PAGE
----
UN CLIMATE CHANGE CONFERENCE: The twelfth Conference of the Parties to the UN Framework Convention on Climate Change (UNFCCC) and the second Conference of the Parties serving as the Meeting of the Parties to the Kyoto Protocol took place from 6-17 November 2006 in Nairobi, Kenya. Delegates focused, inter alia, on adaptation, long-term action on climate change, and developing a framework for action once the Kyoto Protocol’s “first commitment period” finishes in 2012.
IPCC WORKING GROUP I: The tenth session of the Intergovernmental Panel on Climate Change (IPCC) Working Group I (WGI) took place from 29 January to 1 February 2007, in Paris, France. The meeting resulted in the acceptance of the WGI contribution to the IPCC Fourth Assessment Report (AR4), titled “Climate Change 2007: the Physical Science Basis.” WGI’s contribution finds that there is more than a 90% probability that human action has contributed towards recent climate change, and contains a series of projections for future impacts, including on temperatures, sea level rise, and extreme weather events.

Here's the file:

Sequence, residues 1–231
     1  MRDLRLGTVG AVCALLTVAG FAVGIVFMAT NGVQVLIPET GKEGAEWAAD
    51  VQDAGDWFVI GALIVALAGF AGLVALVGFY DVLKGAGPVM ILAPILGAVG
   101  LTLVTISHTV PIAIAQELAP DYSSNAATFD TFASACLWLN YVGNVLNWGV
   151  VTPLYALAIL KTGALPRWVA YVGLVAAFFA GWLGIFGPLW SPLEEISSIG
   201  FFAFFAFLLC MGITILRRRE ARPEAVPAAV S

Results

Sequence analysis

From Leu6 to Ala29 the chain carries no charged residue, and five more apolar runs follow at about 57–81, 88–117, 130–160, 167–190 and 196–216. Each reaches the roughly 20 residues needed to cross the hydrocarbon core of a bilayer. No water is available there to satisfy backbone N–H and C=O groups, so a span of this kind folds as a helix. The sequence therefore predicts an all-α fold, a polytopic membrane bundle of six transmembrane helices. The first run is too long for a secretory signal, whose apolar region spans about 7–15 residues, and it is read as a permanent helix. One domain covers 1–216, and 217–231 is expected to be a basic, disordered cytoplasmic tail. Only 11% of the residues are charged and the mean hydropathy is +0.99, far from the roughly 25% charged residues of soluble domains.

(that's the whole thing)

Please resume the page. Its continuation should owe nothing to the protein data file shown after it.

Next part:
TICAD MINISTERIAL CONFERENCE ON ENERGY AND ENVIRONMENT FOR SUSTAINABLE DEVELOPMENT: The Tokyo International Conference on African Development (TICAD) Ministerial Conference took place from 22-23 March 2007 in Nairobi. The conference brought together experiences and lessons learned in Africa and other regions, and put forward recommendations for effective ways to address key energy and environment issues in the context of sustainable development. Participants emphasized three important perspectives: “Building Ownership,” “Promoting Regional Cooperation” and “Deepening Partnership.”
OSLO CONFERENCE ON GOOD GOVERNANCE AND SOCIAL AND ENVIRONMENTAL RESPONSIBILITY: This conference took place from 28-30 March 2007, in Oslo, Norway. It provided a platform for discussions on an integrated approach to corporate responsibility. It addressed a broad range of issues facing business, including human rights, decent work standards, environmental performance, combating corruption, and corporate governance.
IPCC WORKING GROUP II:
eighth session of the IPCC Working Group II (WGII) took place from
2-6 April 2007, in Brussels, Belgium. The
meeting resulted in the
WGII’s contribution to AR4, titled “Climate Change 2007:
Impacts, adaptation and vulnerability.” The contribution emphasizes the
observed and projected impacts of climate change, including accumulating
evidence that changes in many physical and biological systems are linked
to anthropogenic warming.